• Shoulder or clavicle fracture – The classic broken collarbone injury is associated with skiing and snowboarding, and requires a doctor’s evaluation and treatment.
  • Rotator cuff tear – This is another shoulder injury that is caused in everyday life by repetitive movement and in skiing or snowboarding by a nasty fall.
  • Dislocated shoulder – This is incredibly painful and requires immediate care. Putting the shoulder back into place is called reduction, and it will require different recuperative treatments, such as surgery. Should separation can also occur due to the use of an outstretched hand during any sort of fall.

The Back

Twisting, turning, and falling in both skiing and snowboarding may also lead to back injuries. Generally, the slicker the surface of the run or slope, the more likely a back injury will be. The common types include:

  • Herniated disk – This is a fall-related injury and may require something as severe as surgery to correct.
  • Pain – Lower back pain is usually due to overuse of muscles and joints. Pinched nerves and irritation (inflammation) can occur. Typically, no medical intervention is required, and rest, gentle movement, heat and massage will all help.

The Hand (and Wrist and Arm)

Again, just as you might harm the shoulder, neck or head during a fall, you can also harm the hands if you tumble while skiing or snowboarding. The most commonly sustained injuries include:

  • Skiers Thumb – Also known as a ligament tear, it is a very typical sort of injury during a fall while skiing. Why? It usually occurs when the hand is tangled in the strap of the ski pole, resulting in a huge tug or pull away from the hand. This tears the ligament and makes it very hard for the thumb to grasp or tighten. Typically casting and splinting are the prescribed treatments, but surgical intervention may be required.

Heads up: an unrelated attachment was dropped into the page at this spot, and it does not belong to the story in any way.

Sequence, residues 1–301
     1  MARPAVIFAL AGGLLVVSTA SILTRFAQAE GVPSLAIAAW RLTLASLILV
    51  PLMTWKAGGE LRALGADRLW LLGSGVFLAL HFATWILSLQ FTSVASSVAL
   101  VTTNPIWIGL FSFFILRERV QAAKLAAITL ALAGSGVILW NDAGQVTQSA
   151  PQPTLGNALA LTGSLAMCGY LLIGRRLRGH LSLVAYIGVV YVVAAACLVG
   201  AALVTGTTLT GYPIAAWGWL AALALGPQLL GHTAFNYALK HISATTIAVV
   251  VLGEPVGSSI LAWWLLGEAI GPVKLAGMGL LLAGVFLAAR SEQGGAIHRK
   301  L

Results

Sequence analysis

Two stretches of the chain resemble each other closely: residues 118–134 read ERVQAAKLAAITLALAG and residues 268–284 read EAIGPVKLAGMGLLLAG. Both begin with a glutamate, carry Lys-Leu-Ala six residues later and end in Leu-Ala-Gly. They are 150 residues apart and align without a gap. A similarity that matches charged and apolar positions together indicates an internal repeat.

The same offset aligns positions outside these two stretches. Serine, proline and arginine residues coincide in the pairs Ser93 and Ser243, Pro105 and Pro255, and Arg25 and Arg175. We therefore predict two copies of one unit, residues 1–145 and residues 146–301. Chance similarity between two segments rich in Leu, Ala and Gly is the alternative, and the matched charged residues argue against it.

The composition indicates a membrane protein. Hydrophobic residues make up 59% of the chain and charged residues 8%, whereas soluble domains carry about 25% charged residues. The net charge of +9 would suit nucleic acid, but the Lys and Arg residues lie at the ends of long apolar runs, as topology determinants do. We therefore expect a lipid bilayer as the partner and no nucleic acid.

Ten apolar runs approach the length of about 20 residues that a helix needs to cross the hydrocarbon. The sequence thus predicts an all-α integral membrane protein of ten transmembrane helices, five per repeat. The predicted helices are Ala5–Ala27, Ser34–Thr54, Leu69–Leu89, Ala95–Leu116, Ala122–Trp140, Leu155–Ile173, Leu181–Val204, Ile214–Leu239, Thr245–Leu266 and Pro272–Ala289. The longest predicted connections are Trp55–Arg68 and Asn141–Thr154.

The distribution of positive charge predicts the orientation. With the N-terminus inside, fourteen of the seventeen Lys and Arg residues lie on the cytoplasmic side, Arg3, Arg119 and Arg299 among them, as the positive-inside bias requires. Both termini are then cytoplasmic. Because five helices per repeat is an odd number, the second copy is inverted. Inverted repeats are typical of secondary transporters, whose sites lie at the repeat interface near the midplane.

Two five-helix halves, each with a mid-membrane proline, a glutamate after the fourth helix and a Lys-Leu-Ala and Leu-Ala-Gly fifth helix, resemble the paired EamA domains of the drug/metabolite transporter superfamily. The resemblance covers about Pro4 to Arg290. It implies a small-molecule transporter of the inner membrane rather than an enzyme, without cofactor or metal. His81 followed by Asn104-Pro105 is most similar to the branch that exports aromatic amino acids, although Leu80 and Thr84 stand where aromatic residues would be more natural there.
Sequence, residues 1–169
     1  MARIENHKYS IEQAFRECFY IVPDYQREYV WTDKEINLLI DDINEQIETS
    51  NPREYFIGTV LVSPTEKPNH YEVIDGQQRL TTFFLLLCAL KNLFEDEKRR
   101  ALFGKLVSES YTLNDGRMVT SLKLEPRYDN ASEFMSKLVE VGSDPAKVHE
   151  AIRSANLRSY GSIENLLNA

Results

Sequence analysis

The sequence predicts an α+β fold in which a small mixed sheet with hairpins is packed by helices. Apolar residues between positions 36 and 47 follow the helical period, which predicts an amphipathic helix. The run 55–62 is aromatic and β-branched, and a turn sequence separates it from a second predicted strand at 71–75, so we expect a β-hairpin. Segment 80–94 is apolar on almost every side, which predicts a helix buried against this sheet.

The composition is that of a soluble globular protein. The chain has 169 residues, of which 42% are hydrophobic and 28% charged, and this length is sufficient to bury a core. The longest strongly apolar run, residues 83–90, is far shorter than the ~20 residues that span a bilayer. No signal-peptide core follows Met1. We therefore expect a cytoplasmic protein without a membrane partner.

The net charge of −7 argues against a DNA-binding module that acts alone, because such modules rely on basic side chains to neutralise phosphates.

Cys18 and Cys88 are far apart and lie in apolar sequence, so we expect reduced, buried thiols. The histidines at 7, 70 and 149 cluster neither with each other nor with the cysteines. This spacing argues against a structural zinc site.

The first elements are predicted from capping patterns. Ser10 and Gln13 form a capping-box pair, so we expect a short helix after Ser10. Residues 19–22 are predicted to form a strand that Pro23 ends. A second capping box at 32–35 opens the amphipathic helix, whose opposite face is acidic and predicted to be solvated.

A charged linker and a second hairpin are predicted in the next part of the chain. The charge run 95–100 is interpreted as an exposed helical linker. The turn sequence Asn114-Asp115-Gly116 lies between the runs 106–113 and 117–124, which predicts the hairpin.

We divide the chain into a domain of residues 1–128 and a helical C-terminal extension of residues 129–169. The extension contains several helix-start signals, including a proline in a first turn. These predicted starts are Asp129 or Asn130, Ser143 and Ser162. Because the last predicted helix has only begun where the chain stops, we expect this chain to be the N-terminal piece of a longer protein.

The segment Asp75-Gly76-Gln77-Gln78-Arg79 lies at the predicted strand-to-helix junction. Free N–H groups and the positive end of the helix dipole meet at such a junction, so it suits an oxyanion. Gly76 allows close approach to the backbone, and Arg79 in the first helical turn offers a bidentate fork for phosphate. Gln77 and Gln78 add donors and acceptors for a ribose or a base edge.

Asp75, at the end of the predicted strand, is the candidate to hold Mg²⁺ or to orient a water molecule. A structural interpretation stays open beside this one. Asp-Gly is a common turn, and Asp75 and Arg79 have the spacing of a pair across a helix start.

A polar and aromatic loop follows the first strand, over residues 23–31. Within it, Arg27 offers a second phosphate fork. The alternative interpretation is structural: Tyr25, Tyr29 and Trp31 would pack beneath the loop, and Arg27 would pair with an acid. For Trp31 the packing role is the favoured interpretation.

• Finger fracture – In line with skier’s thumb is a finger fracture. Reduction (placing the broken limb back into proper joint alignment) and surgery could be necessary depending upon the severity of the fracture, but casting or splinting may be all that is needed.
  • Sprains – Wrist and finger/thumb sprains are also common and require only minimal intervention and treatment.

In addition to these very common issues, many skiers and snowboarders will endure a tremendous amount of “delayed” muscle soreness. In other words, they will do just fine as they enjoy a day (or more) on the slopes. Then, once they halt their activities, their muscles will become tender, sore and even difficult to use. This is easily remedied by doing some gentle warming up before a day of snowboarding or skiing, as well as a lot of stretching afterwards. A hot bath or shower before bed, and some over the counter NSAIDs (non-steroidal anti-inflammatory drugs) such as aspirin will often do the trick.

Of course, that leads to the top tactic, how to avoid or prevent injury: proper conditioning.

Get Into the Right Shape for Snowboarding and Skiing